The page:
Writing on his blog when the fine-tuned experiment started last month, Matt Strassler, a theoretical physicist at Rutgers University, said the shorter pulses of neutrinos being sent from Cern to Gran Sasso would remove the need to measure the shape and duration of the beam. "It's like sending a series of loud and isolated clicks instead of a long blast on a horn," he said. "In the latter case you have to figure out exactly when the horn starts and stops, but in the former you just hear each click and then it's already over. In other words, with the short pulses you don't need to know the pulse shape, just the pulse time."

"And you also don't need to measure thousands of neutrinos in order to reproduce the pulse shape, getting the leading and trailing edges just right; you just need a small number - maybe even as few as 10 or so - to check the timing of just those few pulses for which a neutrino makes a splash in Opera."

Around 20 neutrino events have been measured at the Gran Sasso lab in the fine-tuned version of the experiment in the past few weeks, each one precisely associated with a pulse leaving Cern. The scientists concluded from the new measurements that the neutrinos still appeared to be arriving earlier than they should.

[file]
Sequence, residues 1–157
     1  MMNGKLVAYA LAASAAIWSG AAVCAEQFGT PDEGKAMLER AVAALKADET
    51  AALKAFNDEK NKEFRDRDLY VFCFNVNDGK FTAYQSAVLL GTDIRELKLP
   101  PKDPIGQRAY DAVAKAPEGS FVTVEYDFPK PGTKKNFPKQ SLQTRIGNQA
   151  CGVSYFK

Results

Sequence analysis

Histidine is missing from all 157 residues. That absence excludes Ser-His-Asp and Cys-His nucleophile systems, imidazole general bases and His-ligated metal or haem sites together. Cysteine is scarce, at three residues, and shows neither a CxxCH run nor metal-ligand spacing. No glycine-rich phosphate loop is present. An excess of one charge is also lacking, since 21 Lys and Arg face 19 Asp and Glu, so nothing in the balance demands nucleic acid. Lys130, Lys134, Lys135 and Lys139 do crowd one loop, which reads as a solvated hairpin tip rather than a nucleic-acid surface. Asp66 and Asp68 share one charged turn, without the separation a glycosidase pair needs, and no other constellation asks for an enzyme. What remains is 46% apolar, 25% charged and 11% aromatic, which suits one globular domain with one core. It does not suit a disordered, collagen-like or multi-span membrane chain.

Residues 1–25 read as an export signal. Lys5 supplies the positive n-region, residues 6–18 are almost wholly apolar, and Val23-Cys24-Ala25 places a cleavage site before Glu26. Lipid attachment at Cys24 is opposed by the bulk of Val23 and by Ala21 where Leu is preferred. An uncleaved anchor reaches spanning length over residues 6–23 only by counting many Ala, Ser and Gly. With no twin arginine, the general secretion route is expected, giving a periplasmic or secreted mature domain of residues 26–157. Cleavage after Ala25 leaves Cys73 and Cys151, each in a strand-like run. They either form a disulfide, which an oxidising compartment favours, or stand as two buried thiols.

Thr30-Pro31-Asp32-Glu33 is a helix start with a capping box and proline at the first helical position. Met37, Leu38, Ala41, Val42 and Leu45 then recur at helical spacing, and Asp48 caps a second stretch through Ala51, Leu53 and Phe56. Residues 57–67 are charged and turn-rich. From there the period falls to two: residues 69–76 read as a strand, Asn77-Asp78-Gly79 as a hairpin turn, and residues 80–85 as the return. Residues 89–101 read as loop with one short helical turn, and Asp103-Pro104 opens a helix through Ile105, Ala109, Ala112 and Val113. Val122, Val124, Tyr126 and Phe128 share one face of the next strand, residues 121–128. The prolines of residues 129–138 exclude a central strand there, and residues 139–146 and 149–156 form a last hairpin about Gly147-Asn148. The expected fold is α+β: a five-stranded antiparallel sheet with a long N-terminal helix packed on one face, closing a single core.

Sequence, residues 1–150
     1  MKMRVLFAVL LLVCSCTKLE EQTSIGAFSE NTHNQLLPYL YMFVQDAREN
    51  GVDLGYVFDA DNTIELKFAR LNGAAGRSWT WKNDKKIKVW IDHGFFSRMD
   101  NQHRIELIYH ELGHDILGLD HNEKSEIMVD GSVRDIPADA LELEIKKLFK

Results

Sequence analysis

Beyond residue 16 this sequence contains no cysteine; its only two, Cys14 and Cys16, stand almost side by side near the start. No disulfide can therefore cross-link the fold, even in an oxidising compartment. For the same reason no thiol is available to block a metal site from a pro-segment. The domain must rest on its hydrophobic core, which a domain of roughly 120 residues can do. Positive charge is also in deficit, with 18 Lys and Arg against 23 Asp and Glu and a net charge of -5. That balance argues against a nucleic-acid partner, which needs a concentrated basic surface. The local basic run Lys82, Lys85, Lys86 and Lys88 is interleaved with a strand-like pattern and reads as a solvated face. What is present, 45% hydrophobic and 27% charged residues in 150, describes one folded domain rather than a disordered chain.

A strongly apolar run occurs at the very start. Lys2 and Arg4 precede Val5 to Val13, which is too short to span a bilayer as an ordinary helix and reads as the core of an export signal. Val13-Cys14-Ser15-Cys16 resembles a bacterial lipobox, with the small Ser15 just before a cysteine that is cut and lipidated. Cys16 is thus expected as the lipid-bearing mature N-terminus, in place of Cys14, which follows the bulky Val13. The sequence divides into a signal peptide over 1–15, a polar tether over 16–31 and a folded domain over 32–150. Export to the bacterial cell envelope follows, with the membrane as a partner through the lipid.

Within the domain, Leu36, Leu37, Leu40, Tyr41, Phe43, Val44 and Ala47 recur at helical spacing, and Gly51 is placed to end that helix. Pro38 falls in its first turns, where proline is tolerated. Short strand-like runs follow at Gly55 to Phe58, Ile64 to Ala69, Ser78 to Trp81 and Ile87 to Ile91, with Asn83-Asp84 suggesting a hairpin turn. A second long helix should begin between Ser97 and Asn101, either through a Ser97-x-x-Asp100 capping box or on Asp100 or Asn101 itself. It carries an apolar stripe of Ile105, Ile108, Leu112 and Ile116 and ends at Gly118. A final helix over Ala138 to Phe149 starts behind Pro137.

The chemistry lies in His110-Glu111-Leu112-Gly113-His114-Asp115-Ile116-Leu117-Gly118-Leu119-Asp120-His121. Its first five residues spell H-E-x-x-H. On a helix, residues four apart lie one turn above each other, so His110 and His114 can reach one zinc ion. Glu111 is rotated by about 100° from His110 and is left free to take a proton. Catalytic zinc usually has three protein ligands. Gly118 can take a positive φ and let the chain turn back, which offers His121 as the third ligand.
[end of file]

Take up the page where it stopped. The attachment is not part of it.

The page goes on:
"With the new type of beam produced by Cern's accelerators we've been able to to measure with accuracy the time of flight of neutrinos one by one," said Dario Autiero of the French National Centre for Scientific Research (CNRS). "The 20 neutrinos we recorded provide comparable accuracy to the 15,000 on which our original measurement was based. In addition their analysis is simpler and less dependent on the measurement of the time structure of the proton pulses and its relation to the neutrinos' production mechanism."